At The Spanish Table in Berkeley I buy wines with a very specific national focus. Spain, Portugal, Chile and Argentina. That’s it.
Still, selecting wines from just the countries we represent, I go through periods of intense interest in one style or region or winemaker and I take home lots of wines from wherever/whatever/whomever is my current obsession. Lately I have been really enjoying the wines from Portugal, specifically the reds from the Dão region and the whites from Vinho Verde.
Not so long ago Dão wines were often rustic, chunky reds that displayed little in the way of freshness or complexity. These days, and especially this time of year, I have been enjoying a range of Dão wines, both young and more mature, that show off the improvements in quality for wines from this region.
In Vinho Verde, as with Dão, the quality level is rising with each year. Intrepid importers who once only shipped inexpensive, non-vintage blends for summertime picnics now supply us with some top notch varietal wines from this region on Portugal’s northern border.
As spring continues to unfold in the Bay Area I find that these Portuguese wines match the season perfectly. Lively, youthful aromas, bright fruit character and intriguing mineral notes pair wonderfully with a springtime menu. These wines, many of which have yet to be discovered by food and wine lovers in our little corner of the globe, offer a clear sense of place with styles and characteristics that are distinctly Portuguese.
To get a feeling for these wines, I suggest pairing them with a typical Portuguese dish, and few foods in Portugal are more typical than salt cod. Here is a classic version of a baked casserole that also has the advantage of using up some of those hard boiled Easter eggs that many of you will have on hand right now.
Salt Cod and Potato Casserole – adapted from The Food of Portugal by Jean Anderson
(Serves 6 as a main course)
1 lb. Dried salt cod fillet
1 Large yellow onion
2 lbs. Yukon Gold (or Russet) potatoes
1/3 cup Minced parsley
1 tblspn. Butter
3 tblspns. Portuguese olive oil
3 Hard boiled eggs, peeled and cut in wedges
12 Oil cured black olives, pitted
1 tblspn. Salt
1 tblspn. Ground black pepper
One day ahead, soak the Salt Cod in cold water, changing the water twice in 24 hours.
The next day, drain the Cod and poach it in 1 quart of simmering water on the stove for twenty minutes or until the fish starts to flake apart.
Preheat the oven to 350 degrees. While waiting for the oven to come up to temperature, slice the onion in thin rings and sauté in a clay cazuela on the stove top with the butter and 1 tablespoon of the olive oil until the onion has softened and taken on a bit of color. Remove the onions when cooked. Peel and slice the potatoes in thin rounds and add them to the cazuela with the rest of the olive oil. Sauté the potatoes until they start to soften and fall apart. Mix in the cooked onions along with the salt, pepper and half of the parsley. Tuck big flakes of the cod into the potato and onion mixture. Top with the pitted olives and bake uncovered in the oven for 30-40 minutes until lightly browned on top. Remove from oven and garnish with wedges of hard boiled eggs and the rest of the parsley. Serve with a green salad and any of the wines below.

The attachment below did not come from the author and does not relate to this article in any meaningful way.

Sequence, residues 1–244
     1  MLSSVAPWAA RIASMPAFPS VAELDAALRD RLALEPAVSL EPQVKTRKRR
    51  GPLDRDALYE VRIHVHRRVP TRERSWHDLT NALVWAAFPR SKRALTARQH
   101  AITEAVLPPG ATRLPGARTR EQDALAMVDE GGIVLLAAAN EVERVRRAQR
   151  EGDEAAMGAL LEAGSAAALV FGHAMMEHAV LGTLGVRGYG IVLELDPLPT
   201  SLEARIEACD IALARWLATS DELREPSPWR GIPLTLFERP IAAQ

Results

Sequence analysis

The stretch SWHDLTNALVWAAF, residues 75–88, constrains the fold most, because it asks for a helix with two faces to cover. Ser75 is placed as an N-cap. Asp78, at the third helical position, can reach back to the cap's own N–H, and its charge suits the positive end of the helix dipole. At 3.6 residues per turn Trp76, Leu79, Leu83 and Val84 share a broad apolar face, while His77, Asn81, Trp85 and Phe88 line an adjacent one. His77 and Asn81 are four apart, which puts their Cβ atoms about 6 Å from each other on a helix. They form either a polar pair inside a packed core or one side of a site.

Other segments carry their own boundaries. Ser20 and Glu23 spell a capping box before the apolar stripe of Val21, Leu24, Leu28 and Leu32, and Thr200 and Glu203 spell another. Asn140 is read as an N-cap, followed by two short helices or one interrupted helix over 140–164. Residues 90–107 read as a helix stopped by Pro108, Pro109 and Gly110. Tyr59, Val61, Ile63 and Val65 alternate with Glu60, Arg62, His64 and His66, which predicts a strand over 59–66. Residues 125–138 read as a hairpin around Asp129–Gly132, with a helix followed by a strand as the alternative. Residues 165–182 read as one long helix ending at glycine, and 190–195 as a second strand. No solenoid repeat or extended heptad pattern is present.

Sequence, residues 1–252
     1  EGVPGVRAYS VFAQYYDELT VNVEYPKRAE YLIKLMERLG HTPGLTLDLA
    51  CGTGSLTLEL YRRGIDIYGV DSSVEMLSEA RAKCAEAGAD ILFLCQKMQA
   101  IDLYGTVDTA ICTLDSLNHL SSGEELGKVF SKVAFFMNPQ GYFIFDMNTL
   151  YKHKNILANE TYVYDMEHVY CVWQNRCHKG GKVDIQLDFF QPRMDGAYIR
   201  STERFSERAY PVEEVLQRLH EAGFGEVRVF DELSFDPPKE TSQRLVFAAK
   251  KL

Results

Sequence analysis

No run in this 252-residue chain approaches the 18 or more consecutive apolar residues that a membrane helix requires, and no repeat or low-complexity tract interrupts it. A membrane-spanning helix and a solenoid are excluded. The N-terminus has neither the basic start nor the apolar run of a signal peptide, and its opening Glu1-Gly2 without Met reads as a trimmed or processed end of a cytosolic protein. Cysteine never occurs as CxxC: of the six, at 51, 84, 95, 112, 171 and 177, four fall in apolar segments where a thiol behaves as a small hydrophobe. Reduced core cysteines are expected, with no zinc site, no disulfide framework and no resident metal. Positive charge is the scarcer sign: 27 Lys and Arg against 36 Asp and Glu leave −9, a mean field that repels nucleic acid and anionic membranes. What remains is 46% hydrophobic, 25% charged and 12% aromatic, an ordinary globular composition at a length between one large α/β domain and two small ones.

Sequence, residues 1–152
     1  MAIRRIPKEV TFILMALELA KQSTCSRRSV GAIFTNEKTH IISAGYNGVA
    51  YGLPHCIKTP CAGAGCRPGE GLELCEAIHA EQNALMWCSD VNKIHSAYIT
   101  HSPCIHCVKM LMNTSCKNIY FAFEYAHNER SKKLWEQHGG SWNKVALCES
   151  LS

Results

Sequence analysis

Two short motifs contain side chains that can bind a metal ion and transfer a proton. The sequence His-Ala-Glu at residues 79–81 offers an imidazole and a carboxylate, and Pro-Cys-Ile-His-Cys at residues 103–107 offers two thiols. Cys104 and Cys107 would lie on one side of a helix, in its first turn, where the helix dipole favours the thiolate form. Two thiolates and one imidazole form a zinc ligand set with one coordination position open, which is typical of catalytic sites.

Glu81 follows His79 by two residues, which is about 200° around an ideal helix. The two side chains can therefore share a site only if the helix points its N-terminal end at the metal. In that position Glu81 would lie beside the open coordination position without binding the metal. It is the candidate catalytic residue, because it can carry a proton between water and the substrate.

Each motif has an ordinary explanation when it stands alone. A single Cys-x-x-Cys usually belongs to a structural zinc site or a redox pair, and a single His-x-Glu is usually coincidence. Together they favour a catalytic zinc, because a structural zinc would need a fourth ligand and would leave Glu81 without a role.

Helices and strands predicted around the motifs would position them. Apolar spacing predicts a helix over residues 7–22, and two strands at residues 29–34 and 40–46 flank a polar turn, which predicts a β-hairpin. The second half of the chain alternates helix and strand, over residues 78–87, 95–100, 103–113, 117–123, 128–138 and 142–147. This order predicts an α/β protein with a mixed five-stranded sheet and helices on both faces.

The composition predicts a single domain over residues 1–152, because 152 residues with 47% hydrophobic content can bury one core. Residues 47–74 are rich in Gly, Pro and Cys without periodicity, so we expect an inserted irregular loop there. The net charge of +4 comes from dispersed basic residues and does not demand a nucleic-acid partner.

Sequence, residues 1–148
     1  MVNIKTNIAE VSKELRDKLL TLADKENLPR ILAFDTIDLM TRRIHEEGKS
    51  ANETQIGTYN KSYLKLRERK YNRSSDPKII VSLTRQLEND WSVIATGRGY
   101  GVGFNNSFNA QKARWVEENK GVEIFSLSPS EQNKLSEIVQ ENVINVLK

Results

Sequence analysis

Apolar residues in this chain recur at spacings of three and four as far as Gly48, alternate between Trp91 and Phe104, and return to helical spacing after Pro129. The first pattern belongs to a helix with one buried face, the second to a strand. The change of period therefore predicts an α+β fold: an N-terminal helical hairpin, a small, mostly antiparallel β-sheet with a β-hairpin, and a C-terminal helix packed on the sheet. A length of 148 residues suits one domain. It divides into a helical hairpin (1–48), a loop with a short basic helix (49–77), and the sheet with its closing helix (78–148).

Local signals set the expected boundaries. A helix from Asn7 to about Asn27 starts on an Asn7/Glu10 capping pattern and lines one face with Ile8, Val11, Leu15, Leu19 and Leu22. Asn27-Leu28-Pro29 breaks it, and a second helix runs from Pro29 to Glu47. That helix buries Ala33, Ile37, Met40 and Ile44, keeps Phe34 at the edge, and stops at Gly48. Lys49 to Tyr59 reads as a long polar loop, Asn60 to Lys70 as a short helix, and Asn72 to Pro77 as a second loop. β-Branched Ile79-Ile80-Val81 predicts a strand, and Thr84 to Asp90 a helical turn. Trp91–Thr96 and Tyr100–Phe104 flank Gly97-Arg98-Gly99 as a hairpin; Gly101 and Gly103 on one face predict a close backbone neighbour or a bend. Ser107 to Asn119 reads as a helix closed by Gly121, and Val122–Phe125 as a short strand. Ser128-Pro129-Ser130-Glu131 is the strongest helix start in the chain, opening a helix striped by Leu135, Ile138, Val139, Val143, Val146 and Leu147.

Broadbent Vinho Verde $10.99 An excellent example of top quality Vinho Verde. Composed of 50% Loureiro, 40% Trajadura and 10% Padernã it is light in color with lemon and grapefruit aromas. On the palate it offers more citrus as well as a bit of flinty minerality carried along by slight effervescence that makes the wine refreshing and easy to drink.
Ponte de Lima Adamado 2006 $9.99 This Vinho Verde is fresh and a bit fuller bodied than some others from this region. The extra dollop of fruit character is round and generous, adding weight to the flinty/spritzy Vinho Verde style. I pair this with a composed salad of butter lettuce, white asparagus and top shelf Ventresca tuna.
Solar de Serrade Alvarinho 2006 $17.99 In Portugal, Vinho Verde is often thought of (with good reason) as a simple, spritzy white wine for picnics and parties. This Vinho Verde on the other hand is a whole different story. Made from the Alvarinho grape (Albariño in Spain), this elegantly dry and flinty white wine is finely balanced and fragrant. If you are curious about just how good Vinho Verde can be, this is a perfect place to begin your investigation.
Quinta dos Grilos 2005 $15.99 Grilo is Portuguese for cricket, and while you won’t find any crickets in this wine, the flavor may remind you of a warm summer night in the back yard, grilling something tasty, swatting mosquitoes and listening to the (you guessed it) crickets. From the Dao region of Portugal, this red wine is bright and savory, with cherry-like fruit overlaying a tannic core. Chirp!
Primavera Dão 2003 $14.99 The Dao region was once among the most desirable sources of quality red wines in Portugal. These wines were dry and earthy with rich but oxidized fruit character. Over time this style fell out of favor with the international market (the Portuguese still love the old style). Flash forward to the current day and we see some fresh, fragrant Dão wines that still retain some elements of the old style. This wine is a perfect example of how this region is blending modern style with traditional heritage. Fashioned from a blend of Touriga Nacional Tinta Roriz and Touriga Franca, the garnet color and the dark berry fruit character balance fine tannins and background minerality.
Cardeal Reserva 2002 $13.99 This Dão wine is made from 100% Touriga Nacional, one of the traditional varieties used in Porto. This wine was aged in barrel for over a year and has bed come softer and rounder from several years of bottle age. Still, the barrel character gives this wine a bit more of the old school Dão character, blending well with the dark berry fruit. Serve this with some grilled sardines for a traditional pairing.